Gearing up to enter new segments this year, an upbeat Maruti Suzuki India says that the price hikes following the withdrawal of excise duty sops will not affect auto sales. The India's largest car maker is banking on factors like lower fuel prices and the likely softening of interest rates to offset the impact of increase in vehicle prices.
"Ultimately you have to look at the total affordability factor for the customer. While the car prices have gone up, if interest rates come down, if petrol prices come down it will offset the increase in price," Maruti Suzuki Chairman RC Bhargava told PTI on the sidelines of an event. Around 70 per cent or so of the customers buy via financing and the EMI for this 4 per cent increase is not going to be all that significant, he added.
With the government not continuing with lower excise duty beyond December 31, major car makers including Maruti Suzuki, Hyundai, GM India and Honda have raised vehicle prices by up to Rs 1.27 lakh. MSI has raised the prices across its product portfolio in the range of Rs 7,850 to Rs 31,600.
Expecting a decrease in interest rates, Bhargava said, "All the indications say that interest rates will start coming down."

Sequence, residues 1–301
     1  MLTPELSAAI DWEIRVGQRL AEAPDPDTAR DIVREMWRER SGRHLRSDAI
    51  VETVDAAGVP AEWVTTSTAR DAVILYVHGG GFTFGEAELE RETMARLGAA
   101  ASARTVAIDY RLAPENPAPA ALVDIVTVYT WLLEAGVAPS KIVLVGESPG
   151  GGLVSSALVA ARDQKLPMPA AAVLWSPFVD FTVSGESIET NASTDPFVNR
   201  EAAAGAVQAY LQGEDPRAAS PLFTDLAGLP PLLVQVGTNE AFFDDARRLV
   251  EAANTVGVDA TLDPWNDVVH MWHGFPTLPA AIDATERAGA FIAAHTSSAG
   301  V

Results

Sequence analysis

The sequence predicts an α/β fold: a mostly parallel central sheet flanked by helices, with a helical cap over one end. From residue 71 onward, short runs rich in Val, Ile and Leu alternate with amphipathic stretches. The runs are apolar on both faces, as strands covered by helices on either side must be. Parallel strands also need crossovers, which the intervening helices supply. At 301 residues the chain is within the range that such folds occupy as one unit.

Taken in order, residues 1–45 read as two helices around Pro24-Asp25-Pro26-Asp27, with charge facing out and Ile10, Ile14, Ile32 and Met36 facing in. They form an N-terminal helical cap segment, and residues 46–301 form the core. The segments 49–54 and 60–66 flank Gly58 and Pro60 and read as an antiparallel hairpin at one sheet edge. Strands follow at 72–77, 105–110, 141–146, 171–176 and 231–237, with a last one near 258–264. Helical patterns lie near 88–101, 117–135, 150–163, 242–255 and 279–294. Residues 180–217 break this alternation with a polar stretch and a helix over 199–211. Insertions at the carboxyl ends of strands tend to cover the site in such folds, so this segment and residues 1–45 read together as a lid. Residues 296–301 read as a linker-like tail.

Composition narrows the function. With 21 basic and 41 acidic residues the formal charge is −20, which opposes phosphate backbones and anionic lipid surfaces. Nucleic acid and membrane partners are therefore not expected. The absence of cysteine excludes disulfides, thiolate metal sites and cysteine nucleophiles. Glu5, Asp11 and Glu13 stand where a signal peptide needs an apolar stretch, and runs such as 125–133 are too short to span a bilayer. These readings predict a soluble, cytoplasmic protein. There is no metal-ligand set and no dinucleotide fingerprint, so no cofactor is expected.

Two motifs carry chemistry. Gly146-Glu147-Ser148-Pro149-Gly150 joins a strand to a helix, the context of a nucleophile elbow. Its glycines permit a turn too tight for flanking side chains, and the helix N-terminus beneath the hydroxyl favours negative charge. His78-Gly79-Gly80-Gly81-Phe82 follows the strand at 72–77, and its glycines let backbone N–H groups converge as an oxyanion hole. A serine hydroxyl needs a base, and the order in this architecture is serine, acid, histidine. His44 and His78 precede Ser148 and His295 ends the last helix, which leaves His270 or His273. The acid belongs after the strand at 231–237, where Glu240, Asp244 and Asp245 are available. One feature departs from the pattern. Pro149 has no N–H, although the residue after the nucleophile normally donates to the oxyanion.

Commenting on the MSI's plans for the year, Bhargava said the company would get into areas where it was not present previously. "We are getting into areas where we were not there, like the SUV segment. We will get into the SUV segment this year where we were not there. So in that sense we will be targeting those area where we haven't been present. We will also get into the LCV segment," Bhargava said.
The company's SX Cross is slated to hit the market in the first half of the year, while the LCV is also expected to follow suit.
Commenting on the need for research to come up with low-cost hybrid technology for small cars, Bhargava said, "...government might like to consider that when they are supporting electric car makers, the next stage of support is the development of a hybrid and my view was that they should support R&D rather than the finished product."
When asked about the impact of decline in oil prices on the Indian economy, Bhargava said: "As far as economy is concerned our current account deficit and out foreign exchange outgo will all become better. "It has enabled the government so far to only partially pass the reduction in prices to the consumer. Rest they have absorbed as additional excise duty and are using that money, as Finance Minister said, for road building. So, its a great benefit to the economy as a whole."
On its impact on MSI, Bhargava said the declining oil prices "should result in some of the commodity prices being favourably impacted".
He said the changes in the manufacturing sector after the Modi government came into power is yet to be seen but "it will come because some of the changes which are being announced and implemented take time to work through the system".
"But the intention is very clear. The understanding is there. So I think we will have benefits coming towards in second half of this year," Bhargava added.